The Mountains of Saint Francis: Discovering the Geologic Events That Shaped Our Earth

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Overview

The major new work by the best-selling author of T. Rex and the Crater of Doom—a fascinating history.
Walter Alvarez and his team made one of the most astonishing scientific discoveries of the twentieth century—that an asteroid smashed into the Earth 65 million years ago, exterminating the dinosaurs. Alvarez had the first glimmer of that amazing insight when he noticed something odd in a rock outcrop in central Italy. Alvarez now returns to that rich terrain, this time to take ...

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The Mountains of Saint Francis: Discovering the Geologic Events That Shaped Our Earth

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Overview

The major new work by the best-selling author of T. Rex and the Crater of Doom—a fascinating history.
Walter Alvarez and his team made one of the most astonishing scientific discoveries of the twentieth century—that an asteroid smashed into the Earth 65 million years ago, exterminating the dinosaurs. Alvarez had the first glimmer of that amazing insight when he noticed something odd in a rock outcrop in central Italy. Alvarez now returns to that rich terrain, this time to take the reader on an distant past. We encounter the volcanoes that formed the Seven Hills of Rome; the majestic limestone Apennine mountains that started to develop millions of years ago under water; the evidence that the Mediterranean Sea completely evaporated to a sunken desert, perhaps several times; and the proof that continental plates once overran one another to form telling, all major geologic episodes are as dramatic as the great impact that killed the dinosaurs, even when they happen over eons and without huge creatures to witness them.

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Editorial Reviews

Publishers Weekly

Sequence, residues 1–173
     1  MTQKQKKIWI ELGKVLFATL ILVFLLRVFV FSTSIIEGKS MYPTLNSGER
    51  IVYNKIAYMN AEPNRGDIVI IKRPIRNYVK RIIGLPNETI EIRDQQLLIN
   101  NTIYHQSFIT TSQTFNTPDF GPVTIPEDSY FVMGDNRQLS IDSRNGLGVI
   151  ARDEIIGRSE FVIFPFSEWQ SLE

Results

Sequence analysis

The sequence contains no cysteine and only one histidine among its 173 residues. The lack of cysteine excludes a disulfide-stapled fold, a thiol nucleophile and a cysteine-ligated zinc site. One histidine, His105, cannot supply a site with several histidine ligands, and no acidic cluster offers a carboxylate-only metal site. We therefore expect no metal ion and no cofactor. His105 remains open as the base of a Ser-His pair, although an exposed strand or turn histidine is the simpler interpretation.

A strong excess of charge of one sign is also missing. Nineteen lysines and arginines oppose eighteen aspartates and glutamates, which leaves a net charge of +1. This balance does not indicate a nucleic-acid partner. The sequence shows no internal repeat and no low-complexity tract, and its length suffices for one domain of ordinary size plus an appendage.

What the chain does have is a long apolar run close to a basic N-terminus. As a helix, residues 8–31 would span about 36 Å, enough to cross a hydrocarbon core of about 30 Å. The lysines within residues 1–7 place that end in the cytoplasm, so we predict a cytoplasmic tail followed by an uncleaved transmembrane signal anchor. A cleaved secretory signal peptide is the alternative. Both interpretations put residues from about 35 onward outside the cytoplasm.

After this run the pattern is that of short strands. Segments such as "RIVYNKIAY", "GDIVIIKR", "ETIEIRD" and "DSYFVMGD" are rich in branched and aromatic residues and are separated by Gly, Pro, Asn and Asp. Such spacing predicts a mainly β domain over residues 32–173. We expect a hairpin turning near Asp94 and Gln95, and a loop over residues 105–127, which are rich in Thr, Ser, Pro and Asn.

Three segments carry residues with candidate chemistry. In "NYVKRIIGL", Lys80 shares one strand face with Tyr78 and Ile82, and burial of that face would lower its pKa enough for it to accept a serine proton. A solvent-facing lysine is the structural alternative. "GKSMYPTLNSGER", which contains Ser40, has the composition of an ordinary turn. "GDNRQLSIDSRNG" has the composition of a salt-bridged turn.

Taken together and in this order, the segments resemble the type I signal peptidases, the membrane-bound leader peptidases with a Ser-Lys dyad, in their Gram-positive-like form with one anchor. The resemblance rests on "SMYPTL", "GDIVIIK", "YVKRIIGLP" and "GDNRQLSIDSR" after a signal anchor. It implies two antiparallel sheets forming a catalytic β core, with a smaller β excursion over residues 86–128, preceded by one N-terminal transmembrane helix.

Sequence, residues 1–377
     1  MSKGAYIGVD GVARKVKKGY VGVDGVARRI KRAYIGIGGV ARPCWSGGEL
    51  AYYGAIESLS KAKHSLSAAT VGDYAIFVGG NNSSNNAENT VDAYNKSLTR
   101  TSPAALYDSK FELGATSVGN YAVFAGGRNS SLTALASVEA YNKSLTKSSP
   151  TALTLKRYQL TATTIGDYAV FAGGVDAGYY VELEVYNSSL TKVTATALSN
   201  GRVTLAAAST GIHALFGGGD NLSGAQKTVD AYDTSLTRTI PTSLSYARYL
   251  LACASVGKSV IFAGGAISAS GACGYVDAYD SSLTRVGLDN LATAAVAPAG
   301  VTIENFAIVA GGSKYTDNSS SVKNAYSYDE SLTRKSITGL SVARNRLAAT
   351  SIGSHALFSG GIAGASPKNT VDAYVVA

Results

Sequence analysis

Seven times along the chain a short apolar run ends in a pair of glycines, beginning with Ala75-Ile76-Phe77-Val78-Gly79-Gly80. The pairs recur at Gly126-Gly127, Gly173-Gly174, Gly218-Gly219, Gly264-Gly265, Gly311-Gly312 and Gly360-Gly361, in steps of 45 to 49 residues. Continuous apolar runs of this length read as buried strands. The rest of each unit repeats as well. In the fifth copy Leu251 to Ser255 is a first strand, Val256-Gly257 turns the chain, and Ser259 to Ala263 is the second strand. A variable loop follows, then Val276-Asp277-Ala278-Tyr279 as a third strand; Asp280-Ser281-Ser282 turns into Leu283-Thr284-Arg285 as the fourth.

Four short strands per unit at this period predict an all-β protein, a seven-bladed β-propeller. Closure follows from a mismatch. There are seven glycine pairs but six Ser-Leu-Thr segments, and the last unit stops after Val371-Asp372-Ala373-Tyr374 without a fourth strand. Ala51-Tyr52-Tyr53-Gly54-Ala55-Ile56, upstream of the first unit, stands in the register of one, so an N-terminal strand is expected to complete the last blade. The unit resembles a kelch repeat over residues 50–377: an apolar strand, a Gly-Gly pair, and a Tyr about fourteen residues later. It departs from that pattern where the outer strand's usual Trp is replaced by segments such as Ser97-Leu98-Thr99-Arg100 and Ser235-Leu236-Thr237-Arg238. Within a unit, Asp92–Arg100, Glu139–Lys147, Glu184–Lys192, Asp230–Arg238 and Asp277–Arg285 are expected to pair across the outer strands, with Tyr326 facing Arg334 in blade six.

Geologist Alvarez at UC-Berkeley is best known for discovering evidence of the asteroid collision that wiped out the dinosaurs (as recounted in T. Rex and the Crater of Doom). But much of his career has been spent in the mountains of Assisi, which he calls "the secret archives of Earth history." For more than three decades, he has studied the rock formations of the central peaks of the Apennines, particularly the Scaglia limestone, where fossil evidence confirms a mass extinction 65 million years ago-and points to reversals in the planet's magnetic field. His descriptions of the local villages and countryside show flashes of tour-guide charm, and he allows himself a touch of dry humor at rare moments. For the most part, however, his tone is measured and scientific; even riding the surface of an active lava flow is recounted with an oddly dispassionate tone. But readers who appreciate Alvarez's subdued enthusiasm will find a careful unpacking of Italy's geological anomalies (with quick detours to Rome and the Alps) and an intriguing glimpse of Earth's distant past. 8 pages of color and 60 b&w illus. (Aug. 25)

Copyright © Reed Business Information, a division of Reed Elsevier Inc. All rights reserved.
Library Journal

Alvarez (Univ. of California, Berkeley) is a distinguished geologist best known for his groundbreaking work attributing the end-Cretaceous extinction to a comet or asteroid impact, recounted in his best-selling T. Rex and the Crater of Doom. The current volume is an outcome of the author's many years of fieldwork in Italy, particularly in the Apennines, where evidence for the impact was first detected. The subject here, however, is the exciting scientific detective work involved in understanding the formation of the Apennines and of Italy in general. This subject may seem very localized and specific for a book designed to appeal to a general readership, but Alvarez manages to illustrate beautifully general geologic principles and problem-solving methods using these specific examples. Furthermore, geologic studies in the Apennines have had worldwide implications. This book is also a celebration of the ideas of pioneering Italian geologists who remain little known but have had a profound impact on the science. Highly recommended for all science collections.